Physician burnout manifests itself in various ways. Disruptive behavior has long been recognized as a destructive force in the healthcare environment and most organizations have established mechanisms for dealing with such behavior.
Other forms of burnout are harder to recognize but present similar challenges to an organization’s effectiveness in fulfilling its mission. Many physicians manifest burnout with disengagement. They find “work arounds” to the EMR, are late in attendance or miss crucial decision-making meetings, refuse to take call without guaranteed compensation, refuse to adapt protocols and are tardy in completing charts or other required documentations. Some are leaving medicine for other careers, while others are retiring early. (See the 2015 Physician Stress and Burnout Report)
In our work with healthcare organizations through the U.S., we have found the most frequent underlying causes of burnout are:
- Perception of disenfranchisement
- Fear of loss of autonomy
- Lack of trust in the organization
- Rapid capricious change with suboptimal change management strategies
- Poor organizational communication strategies
Many healthcare organizations are not dealing effectively with physician burnout. In fact, in a recent survey of over 2,000 physicians, only 18% said their organizations were helping them to effectively deal with stress and burnout. The organizations dealing with it, are dealing with physician burnout after it manifests itself. They are so busy treating the disease of burnout, they are not focusing on its prevention.
Unfortunately, once the burnout disease manifests itself, it has almost always spread to others. It takes only one or two disgruntled physicians to create a toxic organizational culture, destroying trust and collaboration and slowing or disabling strategic initiatives needed for organizational survival and growth. One only has to relive their EMR implementation for proof of this.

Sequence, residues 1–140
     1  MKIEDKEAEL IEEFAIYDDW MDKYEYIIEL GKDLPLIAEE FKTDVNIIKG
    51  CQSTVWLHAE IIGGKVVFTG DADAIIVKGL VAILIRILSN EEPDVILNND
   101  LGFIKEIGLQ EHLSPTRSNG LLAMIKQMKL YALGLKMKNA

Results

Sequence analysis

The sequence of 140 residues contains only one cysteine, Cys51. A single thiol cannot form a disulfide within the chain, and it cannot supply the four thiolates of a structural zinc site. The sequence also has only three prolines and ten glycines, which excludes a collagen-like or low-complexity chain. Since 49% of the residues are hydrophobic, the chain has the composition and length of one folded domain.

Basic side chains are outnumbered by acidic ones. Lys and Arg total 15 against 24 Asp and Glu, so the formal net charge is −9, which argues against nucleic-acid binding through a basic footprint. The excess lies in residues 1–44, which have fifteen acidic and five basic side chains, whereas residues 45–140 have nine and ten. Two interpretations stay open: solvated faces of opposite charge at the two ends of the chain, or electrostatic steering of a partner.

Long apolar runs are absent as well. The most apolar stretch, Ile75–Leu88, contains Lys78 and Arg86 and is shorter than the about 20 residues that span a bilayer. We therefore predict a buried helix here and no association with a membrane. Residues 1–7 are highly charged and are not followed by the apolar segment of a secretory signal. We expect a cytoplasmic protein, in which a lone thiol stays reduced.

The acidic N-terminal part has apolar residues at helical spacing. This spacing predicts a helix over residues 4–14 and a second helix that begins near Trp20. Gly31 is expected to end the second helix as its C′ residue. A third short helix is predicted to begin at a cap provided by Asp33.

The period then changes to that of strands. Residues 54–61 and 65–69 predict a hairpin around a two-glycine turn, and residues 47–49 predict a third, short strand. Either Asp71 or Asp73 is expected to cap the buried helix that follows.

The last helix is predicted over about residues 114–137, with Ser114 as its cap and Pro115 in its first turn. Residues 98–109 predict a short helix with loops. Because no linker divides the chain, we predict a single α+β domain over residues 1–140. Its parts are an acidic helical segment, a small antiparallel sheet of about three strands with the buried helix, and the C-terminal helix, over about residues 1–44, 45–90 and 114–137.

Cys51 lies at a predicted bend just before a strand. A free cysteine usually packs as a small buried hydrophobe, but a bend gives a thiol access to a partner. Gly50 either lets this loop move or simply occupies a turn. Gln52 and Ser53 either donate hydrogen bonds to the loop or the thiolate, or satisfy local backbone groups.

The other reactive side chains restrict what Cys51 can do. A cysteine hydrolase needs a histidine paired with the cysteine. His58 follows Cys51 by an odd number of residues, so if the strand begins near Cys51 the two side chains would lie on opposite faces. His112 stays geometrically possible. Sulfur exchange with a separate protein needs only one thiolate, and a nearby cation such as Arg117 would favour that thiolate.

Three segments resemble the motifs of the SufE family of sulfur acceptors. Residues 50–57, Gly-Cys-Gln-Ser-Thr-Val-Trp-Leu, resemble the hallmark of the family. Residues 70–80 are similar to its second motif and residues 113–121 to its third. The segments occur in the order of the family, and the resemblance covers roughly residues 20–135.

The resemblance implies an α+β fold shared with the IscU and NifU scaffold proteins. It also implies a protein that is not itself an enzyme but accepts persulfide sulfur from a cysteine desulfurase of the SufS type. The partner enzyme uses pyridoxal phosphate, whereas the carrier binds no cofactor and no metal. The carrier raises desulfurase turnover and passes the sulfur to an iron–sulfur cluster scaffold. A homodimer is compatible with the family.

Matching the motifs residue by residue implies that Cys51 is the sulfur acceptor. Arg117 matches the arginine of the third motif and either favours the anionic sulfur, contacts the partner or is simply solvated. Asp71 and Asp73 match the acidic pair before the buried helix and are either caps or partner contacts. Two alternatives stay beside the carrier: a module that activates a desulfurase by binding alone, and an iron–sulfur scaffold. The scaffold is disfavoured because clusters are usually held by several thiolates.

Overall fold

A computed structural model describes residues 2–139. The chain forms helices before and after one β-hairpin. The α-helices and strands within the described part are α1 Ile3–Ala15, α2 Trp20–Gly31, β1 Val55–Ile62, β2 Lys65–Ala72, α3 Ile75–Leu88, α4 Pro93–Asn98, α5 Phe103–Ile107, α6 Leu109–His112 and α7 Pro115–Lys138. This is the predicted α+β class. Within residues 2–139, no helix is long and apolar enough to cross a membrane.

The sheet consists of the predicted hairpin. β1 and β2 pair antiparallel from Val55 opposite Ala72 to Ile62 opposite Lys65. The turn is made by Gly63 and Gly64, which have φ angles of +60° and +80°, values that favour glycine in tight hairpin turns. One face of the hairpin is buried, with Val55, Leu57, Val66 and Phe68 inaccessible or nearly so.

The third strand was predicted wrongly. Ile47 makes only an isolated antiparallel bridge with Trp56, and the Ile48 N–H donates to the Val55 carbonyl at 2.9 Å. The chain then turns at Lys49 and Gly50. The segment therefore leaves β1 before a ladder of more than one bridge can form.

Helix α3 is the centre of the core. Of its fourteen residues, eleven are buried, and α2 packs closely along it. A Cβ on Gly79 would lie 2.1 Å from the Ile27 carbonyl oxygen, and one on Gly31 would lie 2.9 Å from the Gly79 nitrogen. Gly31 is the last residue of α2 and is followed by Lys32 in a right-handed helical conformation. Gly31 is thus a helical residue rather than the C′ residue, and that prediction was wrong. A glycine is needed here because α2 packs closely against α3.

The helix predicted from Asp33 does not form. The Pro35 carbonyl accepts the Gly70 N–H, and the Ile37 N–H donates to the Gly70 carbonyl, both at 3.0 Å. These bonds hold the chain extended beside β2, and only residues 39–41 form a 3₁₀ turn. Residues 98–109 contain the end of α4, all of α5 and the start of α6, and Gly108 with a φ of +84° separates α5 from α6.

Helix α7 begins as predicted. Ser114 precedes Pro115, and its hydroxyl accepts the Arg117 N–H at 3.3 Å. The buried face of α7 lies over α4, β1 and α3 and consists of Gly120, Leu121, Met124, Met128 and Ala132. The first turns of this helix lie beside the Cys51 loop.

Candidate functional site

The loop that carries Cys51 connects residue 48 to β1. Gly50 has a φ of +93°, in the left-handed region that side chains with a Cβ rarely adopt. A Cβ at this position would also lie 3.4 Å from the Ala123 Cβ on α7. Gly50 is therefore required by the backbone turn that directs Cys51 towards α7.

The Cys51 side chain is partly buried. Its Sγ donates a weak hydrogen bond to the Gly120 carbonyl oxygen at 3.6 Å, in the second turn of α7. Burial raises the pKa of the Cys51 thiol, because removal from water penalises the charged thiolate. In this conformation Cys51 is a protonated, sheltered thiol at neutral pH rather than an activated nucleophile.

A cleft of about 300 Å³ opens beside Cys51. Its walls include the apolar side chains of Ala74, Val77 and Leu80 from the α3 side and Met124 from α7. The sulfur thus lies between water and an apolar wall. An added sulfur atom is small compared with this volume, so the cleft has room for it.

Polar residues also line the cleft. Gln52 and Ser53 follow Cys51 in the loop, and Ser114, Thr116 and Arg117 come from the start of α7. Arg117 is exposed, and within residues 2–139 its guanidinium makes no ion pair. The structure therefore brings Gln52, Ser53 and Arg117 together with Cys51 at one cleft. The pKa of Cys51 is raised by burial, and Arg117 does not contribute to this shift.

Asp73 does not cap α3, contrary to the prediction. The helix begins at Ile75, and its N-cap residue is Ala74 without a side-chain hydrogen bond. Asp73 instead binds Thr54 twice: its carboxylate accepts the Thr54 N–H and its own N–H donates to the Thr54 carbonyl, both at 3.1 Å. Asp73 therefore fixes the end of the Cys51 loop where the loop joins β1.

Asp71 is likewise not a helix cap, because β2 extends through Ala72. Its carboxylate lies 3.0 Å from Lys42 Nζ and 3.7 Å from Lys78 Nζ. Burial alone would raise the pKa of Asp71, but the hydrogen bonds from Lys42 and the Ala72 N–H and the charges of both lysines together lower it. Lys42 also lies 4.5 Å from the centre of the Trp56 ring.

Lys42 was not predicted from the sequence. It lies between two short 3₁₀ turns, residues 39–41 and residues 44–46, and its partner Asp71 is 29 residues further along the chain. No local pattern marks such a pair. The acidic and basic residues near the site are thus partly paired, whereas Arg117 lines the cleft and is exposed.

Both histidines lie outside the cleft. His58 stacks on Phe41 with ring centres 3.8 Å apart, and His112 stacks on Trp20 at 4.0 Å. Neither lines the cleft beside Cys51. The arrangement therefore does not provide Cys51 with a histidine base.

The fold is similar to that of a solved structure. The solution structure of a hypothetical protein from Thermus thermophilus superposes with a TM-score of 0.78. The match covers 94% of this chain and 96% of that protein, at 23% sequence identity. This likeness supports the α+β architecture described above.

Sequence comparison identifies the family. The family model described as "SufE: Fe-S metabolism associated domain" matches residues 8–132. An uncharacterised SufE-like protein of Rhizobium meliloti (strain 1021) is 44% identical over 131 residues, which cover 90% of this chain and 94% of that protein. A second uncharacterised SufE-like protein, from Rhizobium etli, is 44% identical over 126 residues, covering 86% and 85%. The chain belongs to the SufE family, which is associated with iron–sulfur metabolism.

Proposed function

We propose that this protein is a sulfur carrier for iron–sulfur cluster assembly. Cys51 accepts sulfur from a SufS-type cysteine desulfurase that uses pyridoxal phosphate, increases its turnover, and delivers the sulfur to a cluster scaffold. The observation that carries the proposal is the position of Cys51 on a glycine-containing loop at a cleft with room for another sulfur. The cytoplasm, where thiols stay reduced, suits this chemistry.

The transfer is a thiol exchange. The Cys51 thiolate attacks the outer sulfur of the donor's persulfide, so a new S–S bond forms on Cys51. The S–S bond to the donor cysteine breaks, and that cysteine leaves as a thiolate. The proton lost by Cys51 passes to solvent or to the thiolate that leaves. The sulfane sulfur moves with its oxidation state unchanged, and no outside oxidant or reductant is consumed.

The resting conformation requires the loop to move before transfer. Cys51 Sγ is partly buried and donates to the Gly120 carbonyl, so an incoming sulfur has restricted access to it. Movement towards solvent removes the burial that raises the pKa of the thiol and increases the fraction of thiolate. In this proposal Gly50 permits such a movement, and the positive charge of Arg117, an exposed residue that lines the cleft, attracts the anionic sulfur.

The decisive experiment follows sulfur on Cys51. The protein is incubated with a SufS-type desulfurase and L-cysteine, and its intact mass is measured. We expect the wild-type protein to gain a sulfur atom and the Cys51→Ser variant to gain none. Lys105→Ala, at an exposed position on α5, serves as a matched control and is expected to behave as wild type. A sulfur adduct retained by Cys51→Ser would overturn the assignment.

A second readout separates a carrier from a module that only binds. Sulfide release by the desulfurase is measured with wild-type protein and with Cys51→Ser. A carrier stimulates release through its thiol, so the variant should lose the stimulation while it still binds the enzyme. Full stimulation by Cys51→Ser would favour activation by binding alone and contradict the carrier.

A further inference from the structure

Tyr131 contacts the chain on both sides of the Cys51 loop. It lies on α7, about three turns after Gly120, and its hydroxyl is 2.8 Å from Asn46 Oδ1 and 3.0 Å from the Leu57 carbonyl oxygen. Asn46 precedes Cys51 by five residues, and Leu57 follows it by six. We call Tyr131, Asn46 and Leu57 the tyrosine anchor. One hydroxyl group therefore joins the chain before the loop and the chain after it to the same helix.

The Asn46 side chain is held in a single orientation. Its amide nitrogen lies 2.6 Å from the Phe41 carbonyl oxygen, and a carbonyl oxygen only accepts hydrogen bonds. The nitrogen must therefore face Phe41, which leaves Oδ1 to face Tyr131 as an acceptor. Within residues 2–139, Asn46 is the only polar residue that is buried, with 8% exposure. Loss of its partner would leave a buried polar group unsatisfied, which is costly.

It is critical for organizations to develop strategies for preventing or at least reducing physician burnout. The causes of burnout outlined above need to be systematically addressed. Developing effective physician leadership is the first step in this process.
Providing physician leaders in your organization with effective leadership skills give them the tools and confidence they need to engage their peers and empower them in, such as team building and maintenance, leading change, facilitating healthy conflict, maintaining optimism and resiliency, relationship building and maintenance and mastering crucial conversations.
The bad news is such training takes an investment and a commitment from the organization that starts with the CEO and ends with the frontline physician leader. In contrast to management training, leadership training is not easily scalable and is labor intense. Our experience has taught us to be effective we need to use a combination of didactic and experiential learning, case reports, facilitated discussion with leadership mentoring, and peer coaching. The most effective training programs are focused and limited to maximum number of 30 physicians at a time.